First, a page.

(CNN/KAKE) - If you're a night owl, you may want to consider spending your winters in northern Alaska.

Utqiagvik, Alaska, formerly known as Barrow, experiences its last sunrise and sunset on Friday for over two months. The town of about 4,000 people is beginning its 65-day period of darkness, known as polar night.

Polar night is a common term in places that don't experience sunrise for more than 24 hours, according to CNN. The northern third of Alaska lies above the Arctic Circle, the ring of latitude that encircles the frigid Arctic polar region.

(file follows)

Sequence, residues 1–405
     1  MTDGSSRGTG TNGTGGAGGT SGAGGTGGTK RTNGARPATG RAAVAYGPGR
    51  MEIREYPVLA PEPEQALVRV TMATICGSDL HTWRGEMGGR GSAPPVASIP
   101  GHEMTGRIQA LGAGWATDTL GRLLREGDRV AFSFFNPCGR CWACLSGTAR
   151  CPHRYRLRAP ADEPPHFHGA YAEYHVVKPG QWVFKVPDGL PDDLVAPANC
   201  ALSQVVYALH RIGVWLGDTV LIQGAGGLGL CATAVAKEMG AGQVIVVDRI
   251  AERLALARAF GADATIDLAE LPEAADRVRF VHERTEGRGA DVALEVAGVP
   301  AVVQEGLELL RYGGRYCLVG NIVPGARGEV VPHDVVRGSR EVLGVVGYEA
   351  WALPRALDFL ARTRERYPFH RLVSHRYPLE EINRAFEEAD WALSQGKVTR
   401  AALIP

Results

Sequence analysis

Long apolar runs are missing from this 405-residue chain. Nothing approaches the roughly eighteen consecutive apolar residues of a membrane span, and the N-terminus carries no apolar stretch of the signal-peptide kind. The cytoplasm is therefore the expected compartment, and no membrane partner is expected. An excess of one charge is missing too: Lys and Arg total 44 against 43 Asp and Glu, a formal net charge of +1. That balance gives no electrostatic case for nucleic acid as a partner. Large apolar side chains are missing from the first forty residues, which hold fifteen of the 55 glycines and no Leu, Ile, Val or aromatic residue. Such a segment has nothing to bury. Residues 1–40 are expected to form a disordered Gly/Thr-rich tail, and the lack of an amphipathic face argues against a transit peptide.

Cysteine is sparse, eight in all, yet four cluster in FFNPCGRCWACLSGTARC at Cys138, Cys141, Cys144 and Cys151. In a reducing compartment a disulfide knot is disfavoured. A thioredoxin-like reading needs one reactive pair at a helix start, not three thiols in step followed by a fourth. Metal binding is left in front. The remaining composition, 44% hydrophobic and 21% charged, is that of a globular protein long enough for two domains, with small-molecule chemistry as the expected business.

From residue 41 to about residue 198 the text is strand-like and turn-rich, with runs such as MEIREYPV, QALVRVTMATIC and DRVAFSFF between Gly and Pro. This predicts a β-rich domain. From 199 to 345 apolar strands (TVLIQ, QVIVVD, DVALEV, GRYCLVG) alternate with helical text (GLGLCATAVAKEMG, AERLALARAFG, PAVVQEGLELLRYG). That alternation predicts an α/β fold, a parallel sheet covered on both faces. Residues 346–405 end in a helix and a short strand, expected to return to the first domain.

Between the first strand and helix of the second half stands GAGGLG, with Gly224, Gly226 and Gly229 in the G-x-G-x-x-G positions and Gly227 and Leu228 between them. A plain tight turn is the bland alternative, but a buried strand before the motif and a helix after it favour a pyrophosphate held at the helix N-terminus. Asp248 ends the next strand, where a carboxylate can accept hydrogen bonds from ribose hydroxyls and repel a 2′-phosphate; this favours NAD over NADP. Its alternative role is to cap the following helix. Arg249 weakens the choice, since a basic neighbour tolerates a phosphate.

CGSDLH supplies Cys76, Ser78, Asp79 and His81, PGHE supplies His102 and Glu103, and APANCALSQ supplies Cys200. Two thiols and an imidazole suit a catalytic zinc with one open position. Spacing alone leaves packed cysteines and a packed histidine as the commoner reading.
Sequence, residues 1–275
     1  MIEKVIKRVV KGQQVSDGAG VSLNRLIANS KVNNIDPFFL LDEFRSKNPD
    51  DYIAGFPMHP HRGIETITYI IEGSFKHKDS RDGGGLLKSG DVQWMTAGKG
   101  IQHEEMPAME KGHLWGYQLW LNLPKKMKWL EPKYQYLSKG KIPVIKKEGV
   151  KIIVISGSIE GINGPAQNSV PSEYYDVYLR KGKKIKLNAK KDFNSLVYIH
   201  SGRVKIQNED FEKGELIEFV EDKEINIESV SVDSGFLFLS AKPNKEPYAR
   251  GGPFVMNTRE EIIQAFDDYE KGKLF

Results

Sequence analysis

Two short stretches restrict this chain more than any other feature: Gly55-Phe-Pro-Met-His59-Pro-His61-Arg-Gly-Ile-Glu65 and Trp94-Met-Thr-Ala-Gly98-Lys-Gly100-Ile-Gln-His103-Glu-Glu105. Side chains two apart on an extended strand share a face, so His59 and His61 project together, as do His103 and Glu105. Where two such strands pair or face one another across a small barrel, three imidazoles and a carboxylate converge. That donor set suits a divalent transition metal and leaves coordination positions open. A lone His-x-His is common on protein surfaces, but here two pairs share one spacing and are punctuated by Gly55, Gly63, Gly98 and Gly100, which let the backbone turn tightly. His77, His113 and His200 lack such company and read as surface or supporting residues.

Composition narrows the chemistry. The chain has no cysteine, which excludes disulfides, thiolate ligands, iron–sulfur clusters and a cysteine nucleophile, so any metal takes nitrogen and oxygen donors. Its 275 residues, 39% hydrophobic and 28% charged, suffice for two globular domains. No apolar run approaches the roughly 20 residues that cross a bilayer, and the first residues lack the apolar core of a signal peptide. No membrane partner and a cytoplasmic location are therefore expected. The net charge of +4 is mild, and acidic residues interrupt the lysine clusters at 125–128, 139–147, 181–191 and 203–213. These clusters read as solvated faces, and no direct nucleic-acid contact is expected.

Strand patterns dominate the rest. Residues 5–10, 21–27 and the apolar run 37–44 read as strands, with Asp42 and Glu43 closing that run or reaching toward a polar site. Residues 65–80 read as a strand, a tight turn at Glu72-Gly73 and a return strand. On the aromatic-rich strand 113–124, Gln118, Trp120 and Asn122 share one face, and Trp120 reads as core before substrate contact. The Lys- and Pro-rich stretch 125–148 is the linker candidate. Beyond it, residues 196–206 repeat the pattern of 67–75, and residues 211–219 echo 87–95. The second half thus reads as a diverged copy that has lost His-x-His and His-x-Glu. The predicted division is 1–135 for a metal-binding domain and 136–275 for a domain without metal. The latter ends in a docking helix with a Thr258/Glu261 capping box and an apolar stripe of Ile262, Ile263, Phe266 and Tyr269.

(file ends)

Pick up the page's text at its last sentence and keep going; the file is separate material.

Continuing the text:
Although Utqiagvik is not the only Alaskan town to experience this phenomenon, it is the first one on the polar night location list because of how far north it is.

For about one to two months, the residents of Kaktovik, Point Hope and Anaktuvuk Pass will also be without the sun.

The sun officially sets at 1:43 p.m. local time on the 18th in Utqiagvik, starting its 65-day hiatus from the sun. It won't peek above the horizon again until January 23, 2023.